As of last Sunday, I’ve hiked 32.4 miles of the Appalachian Trail. I’ve hiked those miles over the course of two weekends, two consecutive years in a row, with three other incredible women. And I couldn’t be prouder of us.
Katie, Yasirah, Sarah, and I all played on the same high school soccer team in Georgia. Although the four of us were in three different grades, we became close — drawn together by a similar determination to root for our underdog team, and motivation to keep spirits high when tensions soared higher. We were dubbed “the Sunshines” for our ability to maintain (relatively) cheery outlooks when times got tough.
It’s been 15 years since the last of us graduated high school, and we’ve happily kept in touch since then. Naturally, a lot has happened in that time. Yasirah is a mom to two amazing kids. Katie and Sarah both earned their doctorates. I’ve traveled to lots of exciting places. We’ve all been married, bought houses, and landed jobs.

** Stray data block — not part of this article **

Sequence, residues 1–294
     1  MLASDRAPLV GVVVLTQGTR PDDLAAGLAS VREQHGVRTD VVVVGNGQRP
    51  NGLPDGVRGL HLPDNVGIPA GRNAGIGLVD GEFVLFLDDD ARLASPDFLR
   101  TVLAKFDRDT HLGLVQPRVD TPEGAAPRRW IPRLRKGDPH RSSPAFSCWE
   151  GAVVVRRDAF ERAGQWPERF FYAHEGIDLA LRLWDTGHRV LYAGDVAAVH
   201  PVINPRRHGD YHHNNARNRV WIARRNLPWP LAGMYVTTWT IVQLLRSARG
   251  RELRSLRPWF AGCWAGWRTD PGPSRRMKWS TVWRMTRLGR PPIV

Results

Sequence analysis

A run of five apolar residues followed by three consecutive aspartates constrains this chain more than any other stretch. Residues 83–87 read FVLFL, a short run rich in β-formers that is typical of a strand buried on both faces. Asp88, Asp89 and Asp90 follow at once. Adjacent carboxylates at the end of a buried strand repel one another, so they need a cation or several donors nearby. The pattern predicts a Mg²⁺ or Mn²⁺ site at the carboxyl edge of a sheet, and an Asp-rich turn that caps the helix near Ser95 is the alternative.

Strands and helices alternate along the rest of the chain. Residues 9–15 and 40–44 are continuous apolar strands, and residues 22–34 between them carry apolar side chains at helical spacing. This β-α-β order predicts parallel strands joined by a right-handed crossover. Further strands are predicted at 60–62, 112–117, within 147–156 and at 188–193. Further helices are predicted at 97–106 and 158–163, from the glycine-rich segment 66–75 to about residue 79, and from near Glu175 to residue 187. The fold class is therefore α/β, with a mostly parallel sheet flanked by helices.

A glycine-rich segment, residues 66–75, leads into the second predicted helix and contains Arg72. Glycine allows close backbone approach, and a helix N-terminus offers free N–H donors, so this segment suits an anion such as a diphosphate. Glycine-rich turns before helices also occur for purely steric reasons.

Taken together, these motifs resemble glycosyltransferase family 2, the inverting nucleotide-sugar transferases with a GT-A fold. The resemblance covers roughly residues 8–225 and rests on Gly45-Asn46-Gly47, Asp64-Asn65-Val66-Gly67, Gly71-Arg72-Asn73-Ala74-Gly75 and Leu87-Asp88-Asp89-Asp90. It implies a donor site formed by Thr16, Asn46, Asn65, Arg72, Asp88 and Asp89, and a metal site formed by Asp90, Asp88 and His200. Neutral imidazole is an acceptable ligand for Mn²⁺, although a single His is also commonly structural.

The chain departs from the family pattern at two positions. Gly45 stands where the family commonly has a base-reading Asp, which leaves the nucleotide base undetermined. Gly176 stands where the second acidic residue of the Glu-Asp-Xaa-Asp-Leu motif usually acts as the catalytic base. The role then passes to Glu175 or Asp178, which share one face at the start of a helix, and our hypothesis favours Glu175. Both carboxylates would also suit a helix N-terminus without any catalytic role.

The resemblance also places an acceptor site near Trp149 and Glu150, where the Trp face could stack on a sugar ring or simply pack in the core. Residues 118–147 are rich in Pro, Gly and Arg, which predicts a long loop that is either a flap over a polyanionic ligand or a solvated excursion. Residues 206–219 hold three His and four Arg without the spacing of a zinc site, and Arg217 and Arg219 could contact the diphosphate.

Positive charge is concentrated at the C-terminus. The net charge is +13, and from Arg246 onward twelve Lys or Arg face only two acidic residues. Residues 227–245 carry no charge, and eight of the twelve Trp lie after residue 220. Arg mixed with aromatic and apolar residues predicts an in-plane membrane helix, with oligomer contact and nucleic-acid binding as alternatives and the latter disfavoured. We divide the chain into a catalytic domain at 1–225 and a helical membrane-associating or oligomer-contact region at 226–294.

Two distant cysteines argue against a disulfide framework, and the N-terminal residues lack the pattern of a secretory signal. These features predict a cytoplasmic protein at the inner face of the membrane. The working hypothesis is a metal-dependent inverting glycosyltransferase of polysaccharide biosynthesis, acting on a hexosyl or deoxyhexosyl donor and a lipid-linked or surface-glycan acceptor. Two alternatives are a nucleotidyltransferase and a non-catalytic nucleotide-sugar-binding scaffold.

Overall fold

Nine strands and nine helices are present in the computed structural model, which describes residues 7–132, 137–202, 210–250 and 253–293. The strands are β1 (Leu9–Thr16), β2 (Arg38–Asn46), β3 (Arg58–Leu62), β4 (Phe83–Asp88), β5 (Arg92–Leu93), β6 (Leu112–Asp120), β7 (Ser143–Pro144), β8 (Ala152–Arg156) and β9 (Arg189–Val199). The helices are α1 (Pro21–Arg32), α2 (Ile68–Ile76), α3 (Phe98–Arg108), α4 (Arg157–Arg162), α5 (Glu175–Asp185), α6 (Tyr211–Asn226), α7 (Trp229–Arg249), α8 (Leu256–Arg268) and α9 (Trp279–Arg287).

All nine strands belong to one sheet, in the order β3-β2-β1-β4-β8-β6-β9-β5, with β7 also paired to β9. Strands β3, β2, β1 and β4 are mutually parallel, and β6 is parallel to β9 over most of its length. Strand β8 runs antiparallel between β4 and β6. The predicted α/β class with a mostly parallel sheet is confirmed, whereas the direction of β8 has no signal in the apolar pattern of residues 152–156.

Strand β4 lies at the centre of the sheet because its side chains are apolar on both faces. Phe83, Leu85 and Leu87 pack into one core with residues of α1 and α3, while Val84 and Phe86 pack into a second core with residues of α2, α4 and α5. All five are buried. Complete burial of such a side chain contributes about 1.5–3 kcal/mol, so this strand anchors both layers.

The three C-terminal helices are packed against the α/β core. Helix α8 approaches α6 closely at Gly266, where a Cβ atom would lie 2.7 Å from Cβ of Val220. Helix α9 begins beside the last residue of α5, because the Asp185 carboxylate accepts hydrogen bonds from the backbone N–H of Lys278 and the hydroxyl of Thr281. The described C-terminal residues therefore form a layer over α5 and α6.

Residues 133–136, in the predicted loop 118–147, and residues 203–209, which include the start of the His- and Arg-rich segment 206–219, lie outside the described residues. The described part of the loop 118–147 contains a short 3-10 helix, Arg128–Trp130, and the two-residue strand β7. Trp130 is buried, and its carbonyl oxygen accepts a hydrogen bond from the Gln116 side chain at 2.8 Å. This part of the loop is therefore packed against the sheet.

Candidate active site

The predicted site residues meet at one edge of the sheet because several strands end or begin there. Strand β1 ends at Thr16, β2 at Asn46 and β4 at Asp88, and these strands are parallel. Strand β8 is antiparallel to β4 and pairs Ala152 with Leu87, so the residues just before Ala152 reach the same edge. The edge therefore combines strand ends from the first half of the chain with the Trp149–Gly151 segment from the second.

There have been plenty of hardships, too — death, heartache, and disappointment, to name a few. We’ve vented and mourned together. We’ve trusted each other as we opened up about the things that weigh heaviest on our hearts and minds. Although we don’t keep in touch nearly as much as we’d have liked to throughout the years — a result of living in three different states, with our own lifestyles, professions, and personal struggles — our hikes have given us the space and time we need to do just that.
The Appalachian Trail Conservancy suggests that mental fortitude is just as crucial, if not more, than physical stamina when it comes to completing a thru-hike. “Ultimately, completing the A.T. is more of a mental challenge,” the Conservancy states. “A fierce commitment to the goal of completing the A.T. is one of the most important ingredients of success.”